The United States Supreme Court has issued its long-awaited decision in King v. Burwell, No. 14-114 (June 25, 2015). By a 6-3 vote, the Court upheld IRS regulations providing that tax credits for the purchase of insurance through “an Exchange established by the State [under 42 U.S.C. §18031]” are available “regardless of whether the Exchange is established and operated by a State .. or by [the federal government].” By interpreting the ACA in this way, the Court avoided a result that it said “could well push a State’s individual insurance market into a death spiral”.
The petitioners in King were four residents of Virginia, which is one of 34 states that have exchanges established by the U.S. Department of Health and Human Services, rather than by the state itself. The petitioners did not want to have to buy health insurance. Since they claimed that Virginia’s Marketplace Exchange did not qualify as “an Exchange established by the State”, they should not be eligible to receive tax credits. If they did not receive tax credits, they asserted, that would push their cost of health insurance to a level in excess of eight percent of income and thus would exempt them from the health insurance coverage requirement of the ACA. 26 U.S.C. §5000A(e)(1).
The U.S. Court of Appeals for the Fourth Circuit, the court below, had rejected the petitioners’ claim, holding that a literal reading of Section 1311 of the ACA, in isolation, was inconsistent with the overall purpose and design of the statute. But in another case, decided the same day, a panel of the U.S. Court of Appeals for the D.C. Circuit decided, by a 2-1 vote, that Section 1311, on its face, limited tax credits to State Exchanges and precluded the extension of tax credits to insurance purchased through exchanges established by the federal government. Thus, the issue came before the Supreme Court as a result of a split among the circuit courts.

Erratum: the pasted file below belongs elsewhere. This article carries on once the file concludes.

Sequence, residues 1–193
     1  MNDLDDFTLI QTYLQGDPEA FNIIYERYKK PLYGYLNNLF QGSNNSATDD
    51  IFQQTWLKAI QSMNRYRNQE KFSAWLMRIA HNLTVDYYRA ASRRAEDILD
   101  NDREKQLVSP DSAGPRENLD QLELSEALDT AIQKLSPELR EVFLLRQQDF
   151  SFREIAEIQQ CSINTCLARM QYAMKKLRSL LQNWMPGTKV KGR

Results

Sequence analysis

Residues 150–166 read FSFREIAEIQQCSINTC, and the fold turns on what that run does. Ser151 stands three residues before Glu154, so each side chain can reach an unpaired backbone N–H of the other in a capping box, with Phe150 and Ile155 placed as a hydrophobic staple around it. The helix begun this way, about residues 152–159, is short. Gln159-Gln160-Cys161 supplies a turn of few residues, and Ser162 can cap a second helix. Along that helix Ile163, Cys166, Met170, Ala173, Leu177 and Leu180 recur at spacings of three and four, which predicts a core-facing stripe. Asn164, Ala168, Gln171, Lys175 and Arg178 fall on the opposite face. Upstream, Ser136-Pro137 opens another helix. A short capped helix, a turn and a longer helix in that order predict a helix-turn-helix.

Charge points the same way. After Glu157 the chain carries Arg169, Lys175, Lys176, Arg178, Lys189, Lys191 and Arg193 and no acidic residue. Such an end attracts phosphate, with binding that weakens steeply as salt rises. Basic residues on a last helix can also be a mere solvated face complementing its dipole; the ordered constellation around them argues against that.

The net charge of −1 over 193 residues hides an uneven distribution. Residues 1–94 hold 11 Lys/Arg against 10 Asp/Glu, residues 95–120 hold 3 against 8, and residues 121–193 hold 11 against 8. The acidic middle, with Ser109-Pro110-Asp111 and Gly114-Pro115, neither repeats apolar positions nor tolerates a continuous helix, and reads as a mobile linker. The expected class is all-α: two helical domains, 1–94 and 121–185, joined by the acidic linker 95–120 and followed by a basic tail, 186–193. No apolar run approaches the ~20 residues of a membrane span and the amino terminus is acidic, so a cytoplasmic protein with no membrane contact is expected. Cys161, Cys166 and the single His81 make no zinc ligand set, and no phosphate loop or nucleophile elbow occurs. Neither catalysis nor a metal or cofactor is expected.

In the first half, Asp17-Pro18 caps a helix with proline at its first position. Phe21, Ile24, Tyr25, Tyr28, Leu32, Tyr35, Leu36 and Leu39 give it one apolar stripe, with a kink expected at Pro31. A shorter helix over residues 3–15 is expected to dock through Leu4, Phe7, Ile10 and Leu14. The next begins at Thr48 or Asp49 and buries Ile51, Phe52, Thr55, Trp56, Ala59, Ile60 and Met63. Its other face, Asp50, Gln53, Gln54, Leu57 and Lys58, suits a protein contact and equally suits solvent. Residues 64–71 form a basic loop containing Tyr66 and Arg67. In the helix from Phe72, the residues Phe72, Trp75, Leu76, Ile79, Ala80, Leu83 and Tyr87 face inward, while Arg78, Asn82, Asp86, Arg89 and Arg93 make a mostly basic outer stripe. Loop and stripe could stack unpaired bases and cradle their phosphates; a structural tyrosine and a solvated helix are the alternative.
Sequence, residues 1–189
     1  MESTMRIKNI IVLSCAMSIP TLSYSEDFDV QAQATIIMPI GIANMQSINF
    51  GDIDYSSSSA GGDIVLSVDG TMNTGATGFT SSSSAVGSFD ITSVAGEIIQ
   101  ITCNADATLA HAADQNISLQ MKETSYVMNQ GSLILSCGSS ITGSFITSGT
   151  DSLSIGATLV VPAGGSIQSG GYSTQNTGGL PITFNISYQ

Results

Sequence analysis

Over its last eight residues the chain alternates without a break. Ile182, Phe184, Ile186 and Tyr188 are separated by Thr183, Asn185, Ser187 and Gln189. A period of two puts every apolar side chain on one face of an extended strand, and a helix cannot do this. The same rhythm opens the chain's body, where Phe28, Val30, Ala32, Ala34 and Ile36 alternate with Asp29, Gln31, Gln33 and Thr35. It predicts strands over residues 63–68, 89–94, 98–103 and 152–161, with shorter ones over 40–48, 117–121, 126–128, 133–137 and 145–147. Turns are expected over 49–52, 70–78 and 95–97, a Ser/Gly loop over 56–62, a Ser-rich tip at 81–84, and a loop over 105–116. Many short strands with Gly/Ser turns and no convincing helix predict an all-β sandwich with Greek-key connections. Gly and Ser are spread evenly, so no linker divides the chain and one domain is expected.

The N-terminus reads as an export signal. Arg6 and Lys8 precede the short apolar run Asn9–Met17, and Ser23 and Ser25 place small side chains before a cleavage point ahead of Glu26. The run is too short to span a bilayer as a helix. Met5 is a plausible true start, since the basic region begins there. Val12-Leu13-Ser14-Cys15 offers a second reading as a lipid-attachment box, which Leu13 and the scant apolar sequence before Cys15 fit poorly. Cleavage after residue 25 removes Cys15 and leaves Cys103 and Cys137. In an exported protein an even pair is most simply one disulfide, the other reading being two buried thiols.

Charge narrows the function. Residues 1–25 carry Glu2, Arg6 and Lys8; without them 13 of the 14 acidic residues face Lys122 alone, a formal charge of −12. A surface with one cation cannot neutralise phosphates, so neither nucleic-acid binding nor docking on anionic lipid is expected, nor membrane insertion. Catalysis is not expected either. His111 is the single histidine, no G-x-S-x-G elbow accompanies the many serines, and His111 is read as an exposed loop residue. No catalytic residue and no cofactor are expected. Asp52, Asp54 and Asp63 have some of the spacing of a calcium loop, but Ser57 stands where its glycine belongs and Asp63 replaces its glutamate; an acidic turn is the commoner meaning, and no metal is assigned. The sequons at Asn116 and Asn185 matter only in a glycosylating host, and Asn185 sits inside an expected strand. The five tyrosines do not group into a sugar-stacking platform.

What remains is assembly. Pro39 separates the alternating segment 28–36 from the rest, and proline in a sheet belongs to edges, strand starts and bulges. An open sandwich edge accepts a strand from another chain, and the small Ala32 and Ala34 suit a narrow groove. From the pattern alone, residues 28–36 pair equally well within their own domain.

Writing for the Court, Chief Justice Roberts, while conceding that the petitioners’ plain meaning arguments were “strong”, said of those arguments: “It is implausible that Congress meant the Act to operate in this manner…. Congress made the guaranteed issue and community rating requirements applicable in every State in the Nation. But those requirements only work when combined with the coverage requirement and the tax credits. So it stands to reason that Congress meant for those provisions to apply in every State as well.”
Justice Scalia, in a dissent joined by Justices Thomas and Alito, said that “[w]ords no longer have meaning if an Exchange that is not established by a State is “established by the State”. “Today’s interpretation,” he said, is not merely unnatural; it is unheard of. Who would ever have dreamt that ‘Exchange established by the State’ means ‘Exchange established by the State or the Federal Government’?”
The Supreme Court’s opinion spares the states and Congress the task of having to try to implement hastily devised contingency plans to save Obamacare. But it also establishes that there may be circumstances when the plain meaning of a particular part of a statute may be overridden by interpreting that part so as to be consistent with the overall objectives of the statute. Those circumstances, as the Court’s opinion in King suggests, include a consideration of the negative consequences arising from a plain meaning interpretation of a statutory provision.